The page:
(University of Florence, Italy)
The proliferation of 3d reconstructions doesn’t always validate these applications as tools of description, synthesis, explanation, or validation. Even tough in the last years the literature offers many examples of theorizations and focuses on the need of clarifying the aims and processes involved in 3D modeling, listing the potentialities, the applications often do not completely fulfill those assumptions. VA applications need a more clear and honest approach in order to became an effectively research tool overcoming the distrust, especially in the academic world, towards scientific visualization.
The potentiality of 3d reconstructions, considered in a wide sense, are well highlighted and outlined within many projects; what misses are the ending results, whether positive or negative, from an archaeological point of view. Often the level of IT research doesn’t run parallel with the historical-archaeological research which becomes secondary.
The issue pointed out in this paper concerns some of the aspects which are involved when addressing research questions, specifically within small projects, in which the archaeological documentation didn’t foreseen originally further 3d elaborations. Working on data stored in a traditional archaeological documentation implies the need to verify the data and to express them in a explicit way by a “philological procedure”, adding value to further analyses. In Prehistoric sites often the lack of evident structures need an augmented data display in order to better show potential informations embedded in the 3 coordinates. The effectively use of an elaborate documentation should start to become a routine which in a primary stage may integrate textual description.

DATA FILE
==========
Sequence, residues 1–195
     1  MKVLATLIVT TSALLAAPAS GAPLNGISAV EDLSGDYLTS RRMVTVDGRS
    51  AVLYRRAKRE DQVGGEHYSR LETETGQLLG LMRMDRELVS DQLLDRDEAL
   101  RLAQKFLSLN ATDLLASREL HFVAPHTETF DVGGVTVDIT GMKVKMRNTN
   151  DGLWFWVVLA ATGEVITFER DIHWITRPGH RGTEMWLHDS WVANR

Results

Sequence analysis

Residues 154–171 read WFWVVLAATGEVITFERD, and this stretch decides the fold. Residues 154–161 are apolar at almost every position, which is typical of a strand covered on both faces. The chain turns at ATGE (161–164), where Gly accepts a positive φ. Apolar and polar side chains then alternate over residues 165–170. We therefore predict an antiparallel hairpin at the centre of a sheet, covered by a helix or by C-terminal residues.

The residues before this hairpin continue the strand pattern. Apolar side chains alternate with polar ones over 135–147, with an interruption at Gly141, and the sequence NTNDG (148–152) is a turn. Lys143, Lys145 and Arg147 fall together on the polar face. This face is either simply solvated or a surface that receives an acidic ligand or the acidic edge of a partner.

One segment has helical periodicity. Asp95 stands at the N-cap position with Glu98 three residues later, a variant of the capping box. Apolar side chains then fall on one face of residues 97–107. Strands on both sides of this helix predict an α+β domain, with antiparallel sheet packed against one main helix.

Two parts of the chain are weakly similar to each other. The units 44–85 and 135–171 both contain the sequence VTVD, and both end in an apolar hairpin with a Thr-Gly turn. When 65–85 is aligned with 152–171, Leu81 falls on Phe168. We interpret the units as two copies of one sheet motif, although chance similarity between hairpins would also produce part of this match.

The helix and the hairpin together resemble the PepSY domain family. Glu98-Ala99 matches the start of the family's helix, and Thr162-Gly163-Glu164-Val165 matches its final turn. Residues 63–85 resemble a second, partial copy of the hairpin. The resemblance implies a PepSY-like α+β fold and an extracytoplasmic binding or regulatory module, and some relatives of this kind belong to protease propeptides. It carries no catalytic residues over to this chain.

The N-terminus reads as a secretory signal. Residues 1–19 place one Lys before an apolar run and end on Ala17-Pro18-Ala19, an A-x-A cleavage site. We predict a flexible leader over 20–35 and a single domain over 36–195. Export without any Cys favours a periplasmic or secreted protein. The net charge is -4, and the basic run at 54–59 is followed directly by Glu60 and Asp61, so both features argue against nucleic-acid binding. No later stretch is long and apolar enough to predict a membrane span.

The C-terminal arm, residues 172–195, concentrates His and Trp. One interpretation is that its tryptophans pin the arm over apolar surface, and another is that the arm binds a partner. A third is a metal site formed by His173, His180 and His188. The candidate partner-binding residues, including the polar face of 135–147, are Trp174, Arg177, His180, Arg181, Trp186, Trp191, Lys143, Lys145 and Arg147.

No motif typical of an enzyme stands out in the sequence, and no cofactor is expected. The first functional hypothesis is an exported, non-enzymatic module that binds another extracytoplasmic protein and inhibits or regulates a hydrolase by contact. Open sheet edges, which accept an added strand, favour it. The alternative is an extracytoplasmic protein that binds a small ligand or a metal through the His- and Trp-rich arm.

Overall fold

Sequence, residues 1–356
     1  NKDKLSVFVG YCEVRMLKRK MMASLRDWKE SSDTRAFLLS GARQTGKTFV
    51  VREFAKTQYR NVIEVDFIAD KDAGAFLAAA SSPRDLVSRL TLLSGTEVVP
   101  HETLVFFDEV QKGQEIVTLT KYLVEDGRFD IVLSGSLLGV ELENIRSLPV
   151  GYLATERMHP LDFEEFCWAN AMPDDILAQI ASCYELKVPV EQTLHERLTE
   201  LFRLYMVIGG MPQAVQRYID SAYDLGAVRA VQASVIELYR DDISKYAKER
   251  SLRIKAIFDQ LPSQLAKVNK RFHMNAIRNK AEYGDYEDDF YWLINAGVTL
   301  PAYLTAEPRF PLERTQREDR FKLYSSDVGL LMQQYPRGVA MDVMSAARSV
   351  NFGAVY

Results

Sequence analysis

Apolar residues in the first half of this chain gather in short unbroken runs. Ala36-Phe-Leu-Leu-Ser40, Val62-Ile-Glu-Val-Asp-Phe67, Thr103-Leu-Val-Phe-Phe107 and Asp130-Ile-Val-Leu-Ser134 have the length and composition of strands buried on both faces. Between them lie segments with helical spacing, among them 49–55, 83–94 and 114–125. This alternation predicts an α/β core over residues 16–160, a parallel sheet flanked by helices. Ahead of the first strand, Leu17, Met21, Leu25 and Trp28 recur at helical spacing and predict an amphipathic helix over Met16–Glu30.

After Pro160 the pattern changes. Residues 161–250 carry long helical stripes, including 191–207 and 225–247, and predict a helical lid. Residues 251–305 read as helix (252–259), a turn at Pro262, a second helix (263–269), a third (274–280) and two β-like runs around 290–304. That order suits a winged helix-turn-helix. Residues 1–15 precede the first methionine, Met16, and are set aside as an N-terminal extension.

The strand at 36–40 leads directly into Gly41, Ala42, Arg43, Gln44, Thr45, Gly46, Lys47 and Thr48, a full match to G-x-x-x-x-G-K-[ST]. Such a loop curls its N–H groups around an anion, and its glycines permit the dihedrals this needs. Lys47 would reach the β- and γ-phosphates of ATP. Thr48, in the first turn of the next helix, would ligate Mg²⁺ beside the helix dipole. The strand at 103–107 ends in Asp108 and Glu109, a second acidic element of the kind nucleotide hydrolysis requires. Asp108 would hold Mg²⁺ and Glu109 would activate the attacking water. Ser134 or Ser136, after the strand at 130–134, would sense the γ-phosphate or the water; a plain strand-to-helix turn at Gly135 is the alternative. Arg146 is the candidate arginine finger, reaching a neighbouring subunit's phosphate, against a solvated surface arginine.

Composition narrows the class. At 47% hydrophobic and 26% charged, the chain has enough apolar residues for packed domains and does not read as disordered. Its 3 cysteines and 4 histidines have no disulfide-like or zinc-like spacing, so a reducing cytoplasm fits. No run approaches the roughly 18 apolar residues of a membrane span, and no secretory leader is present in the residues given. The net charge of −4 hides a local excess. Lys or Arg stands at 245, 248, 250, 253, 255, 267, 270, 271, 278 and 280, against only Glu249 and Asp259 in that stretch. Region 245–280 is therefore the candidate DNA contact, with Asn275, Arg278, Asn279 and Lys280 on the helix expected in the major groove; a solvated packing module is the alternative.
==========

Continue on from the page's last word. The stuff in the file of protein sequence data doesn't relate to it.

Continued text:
Case-study will be presented.